Friday brought the Golden State Warriors' 24th consecutive victory to start the 2015-16 season, which is a major story in its own right. It's the best start to a season in American sports history, it's one of the longest winning streaks of any kind in NBA history, and there are countless other superlatives you could launch to describe it. But it is human nature to get comfortable with your situation and want more, and as a long-suffering Warriors fan suddenly rewarded with a championship and then a subsequent magical dream run to start the next season, that can mean simultaneously counting your blessings and thirsting for greater heights.
This 24-0 start is incredible, but what separated the 24th win from the 23rd or the 25th? What made this one special, for those of us living the streak one game at a time? On Tuesday against the Pacers, Klay Thompson took a run at the single-game record for three-pointers, though he didn't quite achieve it. On Saturday in Milwaukee, the Dubs will attempt to become the first team to ever go 7-0 on a road trip. This squad is so good that just extending the unbelievable winning streak almost isn't news anymore, like Joe DiMaggio recording a hit in his 48th straight game or Brett Favre making his 280th straight start. Just one more mark on the growing tally. Give a holler when it's done, and then we can determine its legacy.
Fortunately, there was indeed something to set apart Friday's double-overtime win against the Celtics. Well, other than the fact that it went to double-overtime, which is fun for those of us watching live but not unique or relevant in a historical context. The thing that made the 24th win different involved Draymond Green's stat line:
Draymond, 12/11/2015: 24 points, 11 rebounds, 8 assists, 5 steals, 5 blocks
At first glance, you might not notice how special that line is. He didn't dominate in any one category, like dropping 40 points or grabbing 20 rebounds. It's not even a triple-double, a feat he's achieved three times already this season. What he did was contribute heavily in every single area of the box score, earning what is known as a 5-by-5.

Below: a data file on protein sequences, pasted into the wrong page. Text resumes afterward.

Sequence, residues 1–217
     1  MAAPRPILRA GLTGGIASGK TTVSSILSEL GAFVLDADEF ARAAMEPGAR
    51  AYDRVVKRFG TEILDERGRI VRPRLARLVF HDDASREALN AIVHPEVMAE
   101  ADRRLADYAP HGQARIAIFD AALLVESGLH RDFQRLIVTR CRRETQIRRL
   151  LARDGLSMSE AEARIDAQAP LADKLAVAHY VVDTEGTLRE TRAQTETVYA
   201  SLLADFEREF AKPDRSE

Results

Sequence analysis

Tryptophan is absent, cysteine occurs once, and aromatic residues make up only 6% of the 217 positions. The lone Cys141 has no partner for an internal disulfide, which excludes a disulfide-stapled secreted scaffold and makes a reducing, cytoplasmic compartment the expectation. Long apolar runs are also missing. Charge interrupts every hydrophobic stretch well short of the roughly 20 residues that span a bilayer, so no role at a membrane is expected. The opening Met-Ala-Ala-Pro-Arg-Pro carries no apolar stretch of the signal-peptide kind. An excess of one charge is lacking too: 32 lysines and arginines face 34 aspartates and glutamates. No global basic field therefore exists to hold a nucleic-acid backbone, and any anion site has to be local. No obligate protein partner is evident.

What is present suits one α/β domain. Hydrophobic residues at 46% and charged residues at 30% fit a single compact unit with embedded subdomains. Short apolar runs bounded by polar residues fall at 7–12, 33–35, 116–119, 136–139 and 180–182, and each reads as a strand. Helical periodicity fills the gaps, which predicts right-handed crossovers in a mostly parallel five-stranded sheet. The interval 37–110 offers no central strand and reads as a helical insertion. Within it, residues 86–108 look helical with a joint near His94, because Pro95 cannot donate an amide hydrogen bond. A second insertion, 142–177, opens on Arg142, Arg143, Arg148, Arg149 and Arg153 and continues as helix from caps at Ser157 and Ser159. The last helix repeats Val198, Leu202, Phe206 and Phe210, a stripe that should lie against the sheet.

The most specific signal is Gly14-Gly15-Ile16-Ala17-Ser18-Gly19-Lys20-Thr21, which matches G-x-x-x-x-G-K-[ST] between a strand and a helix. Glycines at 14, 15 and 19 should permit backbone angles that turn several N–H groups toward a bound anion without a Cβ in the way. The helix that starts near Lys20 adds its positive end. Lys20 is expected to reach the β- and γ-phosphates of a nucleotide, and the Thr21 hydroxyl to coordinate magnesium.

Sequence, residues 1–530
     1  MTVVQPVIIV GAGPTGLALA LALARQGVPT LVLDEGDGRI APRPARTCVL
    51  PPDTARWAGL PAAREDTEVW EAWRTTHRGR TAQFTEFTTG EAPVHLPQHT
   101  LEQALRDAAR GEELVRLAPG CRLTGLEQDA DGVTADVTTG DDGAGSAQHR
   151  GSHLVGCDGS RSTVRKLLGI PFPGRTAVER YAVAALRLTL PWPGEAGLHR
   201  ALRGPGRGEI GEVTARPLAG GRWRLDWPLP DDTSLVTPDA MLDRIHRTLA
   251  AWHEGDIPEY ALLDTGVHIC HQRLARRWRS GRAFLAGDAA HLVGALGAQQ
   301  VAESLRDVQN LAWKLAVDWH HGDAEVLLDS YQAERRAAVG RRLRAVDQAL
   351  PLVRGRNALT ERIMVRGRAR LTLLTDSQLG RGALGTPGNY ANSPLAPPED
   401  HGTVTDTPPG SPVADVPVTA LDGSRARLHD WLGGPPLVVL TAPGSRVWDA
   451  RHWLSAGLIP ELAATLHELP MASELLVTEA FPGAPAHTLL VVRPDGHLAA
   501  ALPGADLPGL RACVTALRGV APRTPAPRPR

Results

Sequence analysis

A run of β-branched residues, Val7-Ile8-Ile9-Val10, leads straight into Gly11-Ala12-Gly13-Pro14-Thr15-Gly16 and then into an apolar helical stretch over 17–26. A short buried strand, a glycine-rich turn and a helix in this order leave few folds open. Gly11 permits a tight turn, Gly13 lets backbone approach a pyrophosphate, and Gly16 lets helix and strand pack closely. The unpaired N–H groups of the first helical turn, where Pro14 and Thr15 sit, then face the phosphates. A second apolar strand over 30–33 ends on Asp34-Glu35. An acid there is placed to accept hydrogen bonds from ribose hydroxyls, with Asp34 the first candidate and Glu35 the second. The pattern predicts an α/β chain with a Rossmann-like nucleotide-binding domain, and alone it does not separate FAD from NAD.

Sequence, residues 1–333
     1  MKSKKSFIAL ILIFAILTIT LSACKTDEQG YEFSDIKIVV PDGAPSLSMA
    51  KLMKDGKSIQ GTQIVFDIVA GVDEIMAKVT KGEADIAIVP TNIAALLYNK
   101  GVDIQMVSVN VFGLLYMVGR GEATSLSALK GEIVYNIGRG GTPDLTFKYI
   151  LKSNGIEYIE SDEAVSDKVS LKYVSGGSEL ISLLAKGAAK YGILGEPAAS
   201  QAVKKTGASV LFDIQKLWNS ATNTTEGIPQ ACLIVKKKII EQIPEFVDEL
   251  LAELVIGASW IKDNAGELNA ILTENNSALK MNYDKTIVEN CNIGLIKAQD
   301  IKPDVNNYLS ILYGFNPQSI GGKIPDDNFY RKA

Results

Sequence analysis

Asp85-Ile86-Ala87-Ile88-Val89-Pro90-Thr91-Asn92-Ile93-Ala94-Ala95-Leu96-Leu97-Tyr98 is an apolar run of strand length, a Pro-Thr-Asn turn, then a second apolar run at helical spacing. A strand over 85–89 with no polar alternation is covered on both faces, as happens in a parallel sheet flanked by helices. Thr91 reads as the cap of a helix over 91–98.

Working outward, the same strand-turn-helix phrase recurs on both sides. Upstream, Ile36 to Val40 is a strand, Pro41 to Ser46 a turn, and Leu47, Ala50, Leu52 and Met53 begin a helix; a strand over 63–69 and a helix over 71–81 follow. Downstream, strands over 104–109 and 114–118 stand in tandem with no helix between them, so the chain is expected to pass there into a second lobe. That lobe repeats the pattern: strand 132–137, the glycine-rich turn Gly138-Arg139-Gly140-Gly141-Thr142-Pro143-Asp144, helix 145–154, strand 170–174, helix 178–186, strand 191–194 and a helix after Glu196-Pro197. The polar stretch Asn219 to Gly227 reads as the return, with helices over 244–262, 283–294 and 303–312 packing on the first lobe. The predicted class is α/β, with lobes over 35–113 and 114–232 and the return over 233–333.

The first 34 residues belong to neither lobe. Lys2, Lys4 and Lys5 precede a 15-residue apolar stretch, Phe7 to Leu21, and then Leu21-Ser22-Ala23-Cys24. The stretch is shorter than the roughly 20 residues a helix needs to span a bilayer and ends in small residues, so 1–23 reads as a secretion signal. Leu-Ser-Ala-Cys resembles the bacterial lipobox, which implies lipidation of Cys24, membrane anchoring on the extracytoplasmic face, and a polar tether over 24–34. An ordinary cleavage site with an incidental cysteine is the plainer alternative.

How rare is a 5-by-5? Here are all of the instances in the last 30 years:
If the text in the image is too small for you to read, then here's the summary: With data covering this season and the 30 that came before it, going back to 1985-86, Draymond's 5-by-5 was only the 16th ever recorded. There have already been 16 triple-doubles recorded in the NBA this season alone, and we're only a quarter of the way through. Think of how rare a triple-double is, and how special it seems when a player notches one, and then consider that discrepancy in how much less frequent it is to see a 5-by-5. Furthermore, considering that six of the instances were authored by Hakeem Olajuwon, with another three fired off by AK-47, there are only nine different players who have pulled off the 5-by-5 in those three decades.
The beauty of Draymond's game is how complete it is, and it's been even sweeter watching that game develop. As a rookie he looked like a useful role player who contributed using pure hustle. The next year it became clear that he could play serious defense. Then the next year he learned to shoot. Then this year he learned to distribute. Now he contributes to every aspect of the game, and there may not be a better statistical measure of that all-around skill than the 5-by-5. It doesn't surprise me that Nic Batum was the most recent guy on the list, since I always thought they seemed vaguely similar in concept as underrated all-around players.
One final note to wrap up: This wasn't just a matter of one player stuffing the stats sheet, if such a thing is even possible with a package as diverse as a 5-by-5. After playing 50 of 58 minutes in a game his team won by five points (and surviving two overtimes with five fouls already on him), Draymond finished with a +14 plus/minus rating, neck-and-neck with the MVP. Steph finished at +15, with no one else above +5 for the night.
I can't imagine there's anyone on GSoM who doesn't think Draymond is an All-Star, but for the rest of the world, Friday's game is a great example of precisely why he deserves to be one.